Why Most Tamils ​​Hate Modes

Foreign policy India
Kamala Harris: A vice president who understands India

With Kamala Harris, the USA has a high-ranking representative with Indian roots. In the homeland of their ancestors, this creates enthusiasm. The close personal ties to the subcontinent could also have an impact on politics.

The 500-inhabitant village of Thulasendrapuram in southern India usually has little to do with world politics. With the change of power in the White House, the community in the state of Tamil Nadu can, at least for a short time, look forward to global attention: It is considered the place in India that stands like no other for the South Asian roots of the new US Vice President Kamala Harris - and the rise the politician in Washington now accompanied from 14,000 kilometers away.

During the US election campaign, residents in the homeland of Harris' ancestors had already called for prayer for the Democrat - and then celebrated the election victory at the side of the new President Joe Biden with firecrackers and a small procession in which they portraits of the 56th Year olds stretched out in the direction of the arriving camera teams. In front of houses there were painted congratulations: "Kamala Harris, the pride of our village".

New tone in US-India relations

Harris is the daughter of a Jamaican economics professor and cancer researcher Shyamala Gopalan, who was born in India and whose family comes from Thulasendrapuram. The lessons she learned from her Indian family are a big part of why she made it to where she is today, Harris said in August.

The biographical connection of America's first female vice president with the subcontinent should also be noticeable in future American-Indian relations: Harris knows India through numerous trips and the family contacts that she maintains with uncles and aunts, almost no presidential representative before her . India's political leadership can also trust that it will now meet someone in the White House who speaks its language.

The new tone of voice was already evident in the congratulatory letter from India's Prime Minister Narendra Modi to Harris, in which he casually incorporated a Tamil term: "Your groundbreaking success not only fills your Chittis with pride, but all Americans of Indian descent," Modi wrote on Twitter - and used a slang term for aunts that Harris has already used.

In the American-Indian relationship, however, the change in government in Washington will not only change the choice of words: The political priorities will probably also shift a little - which Modi may not be just delighted with. While Donald Trump held mass rallies at the side of the Indian head of government, whom he described as a great leader and loyal friend, much more critical voices can be expected from the Biden government: The increasingly illiberal social policy of the Modi government, which aims to strengthen the Hindu Aiming at nationalism is likely to face greater resistance in Washington in the future than in Trump's tenure. For example, he failed to mention the controversy over a new Indian citizenship law, which was criticized as discriminating against Muslims, on a trip to India - and instead praised Modi for his allegedly "strong commitment to religious freedoms".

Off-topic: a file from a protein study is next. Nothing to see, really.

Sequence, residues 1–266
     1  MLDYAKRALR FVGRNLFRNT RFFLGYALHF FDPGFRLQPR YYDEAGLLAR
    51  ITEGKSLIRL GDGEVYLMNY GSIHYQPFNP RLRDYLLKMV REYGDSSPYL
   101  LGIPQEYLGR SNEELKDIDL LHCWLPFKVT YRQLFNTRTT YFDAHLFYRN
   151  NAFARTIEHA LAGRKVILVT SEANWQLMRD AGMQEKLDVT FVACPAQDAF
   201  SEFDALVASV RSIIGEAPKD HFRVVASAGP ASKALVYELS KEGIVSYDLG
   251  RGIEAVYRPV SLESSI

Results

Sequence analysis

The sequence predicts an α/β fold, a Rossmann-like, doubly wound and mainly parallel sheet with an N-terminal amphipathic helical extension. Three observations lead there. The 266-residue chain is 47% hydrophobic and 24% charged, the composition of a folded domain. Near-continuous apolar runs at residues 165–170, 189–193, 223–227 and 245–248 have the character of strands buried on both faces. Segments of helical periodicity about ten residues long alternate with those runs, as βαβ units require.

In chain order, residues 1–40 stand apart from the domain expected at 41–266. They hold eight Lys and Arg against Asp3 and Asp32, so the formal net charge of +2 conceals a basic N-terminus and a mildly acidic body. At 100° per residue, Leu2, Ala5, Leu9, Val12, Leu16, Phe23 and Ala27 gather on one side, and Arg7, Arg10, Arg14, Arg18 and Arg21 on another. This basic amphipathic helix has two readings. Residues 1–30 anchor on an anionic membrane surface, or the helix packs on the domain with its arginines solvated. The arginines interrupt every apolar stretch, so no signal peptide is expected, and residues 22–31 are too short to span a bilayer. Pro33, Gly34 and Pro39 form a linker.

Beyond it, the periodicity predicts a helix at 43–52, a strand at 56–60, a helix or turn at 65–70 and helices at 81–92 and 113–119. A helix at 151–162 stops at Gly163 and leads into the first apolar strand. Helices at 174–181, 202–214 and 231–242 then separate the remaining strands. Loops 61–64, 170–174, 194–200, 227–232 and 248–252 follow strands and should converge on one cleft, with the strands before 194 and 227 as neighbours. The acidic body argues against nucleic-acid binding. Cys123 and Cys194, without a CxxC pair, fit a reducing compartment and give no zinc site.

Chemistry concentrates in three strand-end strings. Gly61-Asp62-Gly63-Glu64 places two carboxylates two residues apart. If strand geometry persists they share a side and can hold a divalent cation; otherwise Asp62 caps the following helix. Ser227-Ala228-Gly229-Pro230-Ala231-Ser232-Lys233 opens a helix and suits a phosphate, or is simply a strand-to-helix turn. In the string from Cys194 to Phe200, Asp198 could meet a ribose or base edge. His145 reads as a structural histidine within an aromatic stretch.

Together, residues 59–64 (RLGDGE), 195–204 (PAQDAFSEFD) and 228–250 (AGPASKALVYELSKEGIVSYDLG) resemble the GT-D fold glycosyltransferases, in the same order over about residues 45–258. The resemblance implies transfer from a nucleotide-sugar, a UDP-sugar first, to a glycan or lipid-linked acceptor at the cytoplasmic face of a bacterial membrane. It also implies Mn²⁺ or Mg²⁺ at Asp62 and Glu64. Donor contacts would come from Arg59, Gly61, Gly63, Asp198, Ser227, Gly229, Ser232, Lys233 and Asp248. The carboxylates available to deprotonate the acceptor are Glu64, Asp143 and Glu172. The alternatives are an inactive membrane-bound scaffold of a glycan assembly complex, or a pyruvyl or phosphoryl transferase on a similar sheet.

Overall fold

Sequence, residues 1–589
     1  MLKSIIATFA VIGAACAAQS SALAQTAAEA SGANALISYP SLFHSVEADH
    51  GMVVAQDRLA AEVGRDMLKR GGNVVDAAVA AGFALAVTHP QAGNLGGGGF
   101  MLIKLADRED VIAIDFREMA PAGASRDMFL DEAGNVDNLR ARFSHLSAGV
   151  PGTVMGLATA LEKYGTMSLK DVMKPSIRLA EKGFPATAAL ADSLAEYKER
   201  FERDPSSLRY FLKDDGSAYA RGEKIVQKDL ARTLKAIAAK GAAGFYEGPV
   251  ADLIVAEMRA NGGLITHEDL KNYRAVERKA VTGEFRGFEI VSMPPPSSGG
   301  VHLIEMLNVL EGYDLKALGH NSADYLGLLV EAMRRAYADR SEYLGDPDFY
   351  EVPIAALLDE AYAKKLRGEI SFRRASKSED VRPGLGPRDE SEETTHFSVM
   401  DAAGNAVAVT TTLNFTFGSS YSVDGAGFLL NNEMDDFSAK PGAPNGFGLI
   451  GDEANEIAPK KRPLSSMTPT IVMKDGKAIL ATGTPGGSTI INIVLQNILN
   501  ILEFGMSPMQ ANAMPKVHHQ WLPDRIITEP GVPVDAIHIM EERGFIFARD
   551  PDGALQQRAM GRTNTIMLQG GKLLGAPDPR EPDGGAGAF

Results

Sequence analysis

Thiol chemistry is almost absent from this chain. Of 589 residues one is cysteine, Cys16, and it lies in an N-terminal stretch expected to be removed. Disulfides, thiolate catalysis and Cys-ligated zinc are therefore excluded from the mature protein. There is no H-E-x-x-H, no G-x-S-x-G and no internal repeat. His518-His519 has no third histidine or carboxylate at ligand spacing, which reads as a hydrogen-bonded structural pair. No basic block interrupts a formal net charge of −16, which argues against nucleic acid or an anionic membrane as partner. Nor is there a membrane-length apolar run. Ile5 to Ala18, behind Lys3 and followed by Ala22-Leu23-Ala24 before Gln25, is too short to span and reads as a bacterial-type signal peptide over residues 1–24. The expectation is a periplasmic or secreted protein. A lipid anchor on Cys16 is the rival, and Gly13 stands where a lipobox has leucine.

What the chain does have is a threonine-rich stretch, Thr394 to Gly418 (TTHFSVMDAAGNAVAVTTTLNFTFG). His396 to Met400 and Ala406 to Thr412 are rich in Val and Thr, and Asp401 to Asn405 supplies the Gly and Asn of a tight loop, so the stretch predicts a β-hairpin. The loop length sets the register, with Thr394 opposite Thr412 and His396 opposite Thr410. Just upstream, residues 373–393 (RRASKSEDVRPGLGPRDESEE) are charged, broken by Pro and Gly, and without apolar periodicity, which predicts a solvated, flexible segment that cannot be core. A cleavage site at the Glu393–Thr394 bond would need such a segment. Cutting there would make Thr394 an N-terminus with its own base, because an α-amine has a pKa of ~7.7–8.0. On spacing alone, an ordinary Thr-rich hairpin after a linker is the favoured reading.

Modi's controversial policy in the Kashmir region, from which the government in New Delhi revoked its autonomy a year and a half ago, also met with criticism from the US Democrats. Harris made it clear at the time: "We are reminding the people of Kashmir that they are not alone. We are keeping an eye on the situation," she said, adding: "If it is necessary, action must be taken."

India remains a key partner for the USA

But while critical tones on human rights issues may become louder, it is unlikely that anything fundamental will change in the recent rapprochement between India and the US. The two countries have intensified their strategic cooperation in recent years in order to counterbalance China's growing claim to power in the region. The US moved India to the center of its Indo-Pacific strategy and expanded military cooperation with the government in New Delhi. India too, despite its traditional foreign policy doctrine of non-commitment, increasingly turned to the Americans - among other things as part of the so-called quadrilateral security dialogue, also known as the Quad, in which Australia and Japan are also participating alongside the USA.

In the Biden government, the experienced diplomat Kurt Campbell is to be responsible for the Americans' Indo-Pacific strategy. His appointment was seen as a clear signal that the United States, even under Joe Biden, will probably stick to its focus on India. Campbell was already responsible for US policy on Asia under Barack Obama. Even then he was convinced that a deeper partnership with India is in the interests of the USA. In an article in the magazine "Foreign Policy", he recently spoke out in favor of the British idea of ​​founding a group of ten like-minded democracies under the name D-10 - in addition to the G-7 countries, Australia, South Korea and India should also be involved be represented.

With Kamala Harris as Vice President in the White House, the US government now also has a high-ranking representative who not only shares strategic interests with India, but also knows the country's culture very well. At public appearances, she last spoke in detail about the experiences she and her sister had gained during their trips to India with their mother, who died in 2009: "She wanted us to understand where she comes from and where her ancestors live," said Harris - and added, with a view to a South Indian kitchen classic: "And of course she also wanted to teach us the love of good Idli."